NEW YORK, US — The United Nations Office of the High Commissioner for Human Rights said it was "deeply alarmed" by Monday's death penalty imposed by an Egyptian court following a mass trial on 529 supporters of former President Mohamed Morsi. The UN is calling on Egypt to reconsider its death sentence decision against hundreds of suspected Muslim Brotherhood supporters, calling it an unacceptable violation of international human rights, said Deputy Spokesperson for the Secretary General of the United Nations.
The sentences issued on 529 people came as a result of charges related to violent riots in the southern Egyptian city of Minya last August. The UN says the sentences go against its rules on the death penalty.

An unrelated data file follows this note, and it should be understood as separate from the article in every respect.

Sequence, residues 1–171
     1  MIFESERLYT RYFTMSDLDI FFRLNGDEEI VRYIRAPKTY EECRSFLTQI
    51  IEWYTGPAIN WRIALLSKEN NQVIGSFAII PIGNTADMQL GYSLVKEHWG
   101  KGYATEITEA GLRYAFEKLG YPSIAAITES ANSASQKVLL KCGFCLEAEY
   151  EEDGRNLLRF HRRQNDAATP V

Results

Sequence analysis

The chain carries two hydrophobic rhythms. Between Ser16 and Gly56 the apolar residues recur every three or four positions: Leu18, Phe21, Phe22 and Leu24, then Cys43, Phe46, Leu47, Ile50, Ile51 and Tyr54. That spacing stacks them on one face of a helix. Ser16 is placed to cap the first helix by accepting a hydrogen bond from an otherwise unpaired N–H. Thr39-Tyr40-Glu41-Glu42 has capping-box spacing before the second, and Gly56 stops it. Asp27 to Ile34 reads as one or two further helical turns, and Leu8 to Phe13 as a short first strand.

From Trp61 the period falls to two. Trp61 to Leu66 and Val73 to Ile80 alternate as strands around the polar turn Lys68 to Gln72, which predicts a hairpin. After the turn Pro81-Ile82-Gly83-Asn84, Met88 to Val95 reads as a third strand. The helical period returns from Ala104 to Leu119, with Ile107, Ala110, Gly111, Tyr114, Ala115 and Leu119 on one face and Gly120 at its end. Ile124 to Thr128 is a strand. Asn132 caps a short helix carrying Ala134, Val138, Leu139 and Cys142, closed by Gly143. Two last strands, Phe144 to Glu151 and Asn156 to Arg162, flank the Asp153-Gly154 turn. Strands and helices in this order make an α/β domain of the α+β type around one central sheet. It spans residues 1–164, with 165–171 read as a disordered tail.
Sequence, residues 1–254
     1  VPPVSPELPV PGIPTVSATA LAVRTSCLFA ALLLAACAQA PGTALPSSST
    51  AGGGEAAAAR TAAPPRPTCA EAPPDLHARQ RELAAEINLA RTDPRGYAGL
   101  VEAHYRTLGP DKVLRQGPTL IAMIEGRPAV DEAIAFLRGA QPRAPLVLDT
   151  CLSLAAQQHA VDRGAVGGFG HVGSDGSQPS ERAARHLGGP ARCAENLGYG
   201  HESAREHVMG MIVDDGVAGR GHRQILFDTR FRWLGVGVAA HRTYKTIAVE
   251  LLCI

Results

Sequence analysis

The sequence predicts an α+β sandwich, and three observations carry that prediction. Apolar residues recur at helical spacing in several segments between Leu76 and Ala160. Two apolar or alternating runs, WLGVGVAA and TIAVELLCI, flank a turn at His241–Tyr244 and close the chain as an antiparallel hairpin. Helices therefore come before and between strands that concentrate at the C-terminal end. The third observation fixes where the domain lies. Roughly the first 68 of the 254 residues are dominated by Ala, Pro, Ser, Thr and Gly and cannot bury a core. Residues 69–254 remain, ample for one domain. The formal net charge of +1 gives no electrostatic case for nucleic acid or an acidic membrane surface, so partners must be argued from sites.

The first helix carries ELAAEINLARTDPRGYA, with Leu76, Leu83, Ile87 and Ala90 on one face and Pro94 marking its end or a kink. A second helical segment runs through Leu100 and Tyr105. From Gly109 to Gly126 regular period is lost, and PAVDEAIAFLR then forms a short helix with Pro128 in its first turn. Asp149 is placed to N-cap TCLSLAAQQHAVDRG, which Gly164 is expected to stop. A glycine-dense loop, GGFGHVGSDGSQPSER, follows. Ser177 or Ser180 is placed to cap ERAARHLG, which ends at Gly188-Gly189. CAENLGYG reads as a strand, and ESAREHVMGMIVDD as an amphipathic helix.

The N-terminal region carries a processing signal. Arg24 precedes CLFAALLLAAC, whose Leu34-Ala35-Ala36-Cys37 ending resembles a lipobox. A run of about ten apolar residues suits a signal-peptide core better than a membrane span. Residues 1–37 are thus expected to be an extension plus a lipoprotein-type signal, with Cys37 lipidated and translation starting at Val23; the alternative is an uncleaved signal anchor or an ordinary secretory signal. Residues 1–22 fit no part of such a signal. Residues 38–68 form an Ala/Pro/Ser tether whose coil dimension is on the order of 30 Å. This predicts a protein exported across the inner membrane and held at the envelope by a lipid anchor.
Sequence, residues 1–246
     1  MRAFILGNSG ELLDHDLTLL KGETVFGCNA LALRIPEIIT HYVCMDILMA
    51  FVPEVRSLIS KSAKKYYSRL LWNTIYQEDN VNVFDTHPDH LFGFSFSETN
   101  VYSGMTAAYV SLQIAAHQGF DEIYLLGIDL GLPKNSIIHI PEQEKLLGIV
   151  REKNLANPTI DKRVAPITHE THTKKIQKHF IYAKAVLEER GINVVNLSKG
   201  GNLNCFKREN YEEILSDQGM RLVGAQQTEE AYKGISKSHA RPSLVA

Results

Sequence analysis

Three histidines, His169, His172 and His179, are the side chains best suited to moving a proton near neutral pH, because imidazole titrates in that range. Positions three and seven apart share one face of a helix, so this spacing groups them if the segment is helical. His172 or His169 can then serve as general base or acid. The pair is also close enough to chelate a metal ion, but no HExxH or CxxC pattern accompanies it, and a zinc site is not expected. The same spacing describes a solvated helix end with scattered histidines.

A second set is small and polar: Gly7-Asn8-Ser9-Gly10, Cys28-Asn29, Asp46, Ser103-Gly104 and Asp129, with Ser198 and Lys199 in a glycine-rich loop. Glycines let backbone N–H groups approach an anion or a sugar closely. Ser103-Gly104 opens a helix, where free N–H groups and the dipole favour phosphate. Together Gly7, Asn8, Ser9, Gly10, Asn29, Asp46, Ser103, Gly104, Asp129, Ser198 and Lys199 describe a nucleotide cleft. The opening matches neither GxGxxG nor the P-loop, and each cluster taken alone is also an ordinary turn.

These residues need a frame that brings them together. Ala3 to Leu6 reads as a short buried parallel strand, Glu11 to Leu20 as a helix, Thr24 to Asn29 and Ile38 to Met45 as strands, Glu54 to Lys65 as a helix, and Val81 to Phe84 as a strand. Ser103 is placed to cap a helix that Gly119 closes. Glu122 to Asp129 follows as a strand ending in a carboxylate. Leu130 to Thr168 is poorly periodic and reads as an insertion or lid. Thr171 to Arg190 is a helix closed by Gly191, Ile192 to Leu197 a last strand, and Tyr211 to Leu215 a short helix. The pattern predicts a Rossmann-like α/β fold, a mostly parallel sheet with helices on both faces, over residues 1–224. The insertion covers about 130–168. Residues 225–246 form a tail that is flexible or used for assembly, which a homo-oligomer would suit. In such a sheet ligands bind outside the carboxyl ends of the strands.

Egypt is violating international human law rights, which worries UN General Secretary Ban Ki-moon, said Deputy Spokesperson Farhan Haq on Tuesday.
The UN General Assembly adopted a moratorium on the use of the death penalty in 2007 and UN member countries were asked to work for its abolishment.
Egypt's Criminal Court in Minya prosecuted 529 people "on charges of incitement to violence" and the court sentenced each one with the death penalty. Many international human rights organizations and countries have condemned the court's rule.
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